By Dean Popplewell
The current forex climate is a trader’s dream. The intraday price volatility knows no bounds. Currencies remain at the mercy of any headlines out of Greece where its creditors grapple with presenting a “non-ultimatum” set of guidelines, while Athens insist it has made “tough compromises” with only a few day left before the first International Monetary Fund €300-million payment is due.
Then there is the Federal Reserve’s rate normalization timing — which is data dependent — and this Friday’s king of economic releases, the nonfarm payrolls (NFP), is expected to go a long way to help fixed-income traders nail down the possible timing of the Fed’s first rate hike along their yield curve. Plus, there are always the questionable sustainable growth worries and global inflation concerns to keep the speculative investor interested – stakeholders have been looking to this week’s non-manufacturing and service purchasing managers’ index (PMI) touch points for clues.
Today, aside from Greek event risk, the single currency moves (€1.1110) will be dictated by the European Central Bank (ECB) and whatever President Mario Draghi may say at his press conference after the central bank’s formal rate announcement (it is expected to keep rates on hold). The majority of the market does not expect the recent surge in the EUR to be long lasting. Dealers still expect Draghi to reiterate that the ECB intends to carry out its quantitative easing (QE) program in full until at least September of next year – dealers will be looking to the ECB’s inflation forecasts for support. Any dovish comments or further evidence of sustainable interest rate divergence will be expected to limit the EUR’s rebounds. Draghi committing to buying government debt for longer requires the central bank to print fresh cash – and much more of it will only weaken the EUR and favor the export-driven region.
EUR Pares Gains Amid Weaker Peripheral PMIs
The EUR is trading slightly lower this morning after a raft of final PMI services data showed the eurozone’s economy slowed less severely than first estimated last month (53.6 versus 53.9). Notably, activity among France’s services providers picked up. Of late, the routine has been that the eurozone’s second-largest economy tended to be a slight drag on the final composite numbers. However, this time it was the peripheries, and Italy in particular. Despite recording its fourth month of consecutive growth, Italy’s service sector slowed in May to 52.5 from 53.1. Even with new orders slowing, Italian businesses remain sufficiently confident in hiring additional staff for the fourth consecutive month. Obviously the biggest concern to euro policymakers is inflation, and notwithstanding the service sector facing higher input costs, providers again cut their prices, albeit at the slowest pace in 18 months.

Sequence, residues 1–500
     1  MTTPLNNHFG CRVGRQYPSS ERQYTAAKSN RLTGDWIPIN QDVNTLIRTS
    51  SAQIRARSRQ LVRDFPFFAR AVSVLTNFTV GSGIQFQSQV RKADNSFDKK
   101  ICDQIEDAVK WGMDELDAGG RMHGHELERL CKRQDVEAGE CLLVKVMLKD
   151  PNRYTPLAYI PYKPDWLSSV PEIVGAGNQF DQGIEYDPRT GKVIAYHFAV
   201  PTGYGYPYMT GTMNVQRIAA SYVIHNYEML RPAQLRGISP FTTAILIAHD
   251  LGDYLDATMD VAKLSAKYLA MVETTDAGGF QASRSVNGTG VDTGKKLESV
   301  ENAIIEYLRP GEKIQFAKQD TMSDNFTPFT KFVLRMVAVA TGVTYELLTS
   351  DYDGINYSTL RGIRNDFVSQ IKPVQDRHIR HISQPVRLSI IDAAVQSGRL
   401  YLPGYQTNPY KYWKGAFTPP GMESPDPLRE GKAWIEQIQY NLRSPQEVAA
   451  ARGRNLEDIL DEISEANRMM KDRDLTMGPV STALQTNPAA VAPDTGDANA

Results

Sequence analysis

One of the ECB’s main goals is to lift the inflation rate back to its target of just under +2%. Obviously today’s data would suggest that the ECB’s QE program is showing early signs of success and reason enough why Draghi should be guiding investors to price in completion of the program (September 2016). Nevertheless, today’s surveys do indicate that economic growth has not picked up in the second quarter after the first quarter’s slight acceleration, and therefore should have no impact on inflation, except perhaps for the ECB to reassess its inflation forecast predictions.
UK PMI Services Miss Weighs on Sterling
The last of the U.K.’s PMI readings arrived this morning to show how robust Prime Minister David Cameron’s consumer-led recovery really is, and it massively disappointed the markets. So much so that sterling lost a near full cent (£1.5270) within minutes of the services PMI release.
Forecasts were for a slight decline to 59.2 from 59.5, but trepidation with regard to last month’s general election appears to have weighed on consumer sentiment. The final print was a rather dismal 56.5. Economic prints like this will be an obvious blow for any ‘hawk’ advocating a pre-2016 Bank of England rate hike. The pound has been a rate differential favorite on the EUR cross (€0.7290) and was expect to scoop toward the psychological €0.72 handle if U.K. services beat forecasts. Now, however, the markets bear witness to a near half penny cross rise to €0.7304 (its 100-DMA and yesterday’s high). Sterling bulls will be relying on Draghi for some relief, at least to help some of their positional pain costs.